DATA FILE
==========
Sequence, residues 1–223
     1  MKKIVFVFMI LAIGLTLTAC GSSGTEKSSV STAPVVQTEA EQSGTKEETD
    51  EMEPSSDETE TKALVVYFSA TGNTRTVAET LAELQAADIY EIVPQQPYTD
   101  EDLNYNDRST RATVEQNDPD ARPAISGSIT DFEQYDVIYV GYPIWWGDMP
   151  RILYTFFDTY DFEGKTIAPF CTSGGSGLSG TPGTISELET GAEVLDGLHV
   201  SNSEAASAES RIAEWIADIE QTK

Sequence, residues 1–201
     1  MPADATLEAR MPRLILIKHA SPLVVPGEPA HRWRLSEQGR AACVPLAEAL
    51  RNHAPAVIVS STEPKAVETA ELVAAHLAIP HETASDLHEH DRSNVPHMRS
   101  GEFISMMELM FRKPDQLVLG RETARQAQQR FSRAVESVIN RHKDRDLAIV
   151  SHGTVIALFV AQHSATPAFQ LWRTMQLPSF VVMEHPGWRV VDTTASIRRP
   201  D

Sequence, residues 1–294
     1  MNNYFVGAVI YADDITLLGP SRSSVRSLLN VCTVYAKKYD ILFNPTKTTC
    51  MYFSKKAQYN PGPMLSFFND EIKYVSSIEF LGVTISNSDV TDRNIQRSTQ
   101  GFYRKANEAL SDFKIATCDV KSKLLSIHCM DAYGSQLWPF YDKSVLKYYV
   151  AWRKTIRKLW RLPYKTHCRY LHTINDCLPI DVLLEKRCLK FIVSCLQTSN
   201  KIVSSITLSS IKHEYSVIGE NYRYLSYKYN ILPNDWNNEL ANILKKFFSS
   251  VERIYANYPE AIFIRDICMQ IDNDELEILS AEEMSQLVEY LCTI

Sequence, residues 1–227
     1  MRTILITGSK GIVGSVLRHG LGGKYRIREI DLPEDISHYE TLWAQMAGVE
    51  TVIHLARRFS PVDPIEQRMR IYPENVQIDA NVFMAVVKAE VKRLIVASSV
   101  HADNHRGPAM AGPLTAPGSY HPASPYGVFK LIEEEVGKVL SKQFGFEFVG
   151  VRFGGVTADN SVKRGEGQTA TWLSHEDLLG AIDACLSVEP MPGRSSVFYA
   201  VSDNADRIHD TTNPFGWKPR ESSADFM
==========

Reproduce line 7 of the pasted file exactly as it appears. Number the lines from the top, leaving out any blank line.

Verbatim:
Sequence, residues 1–201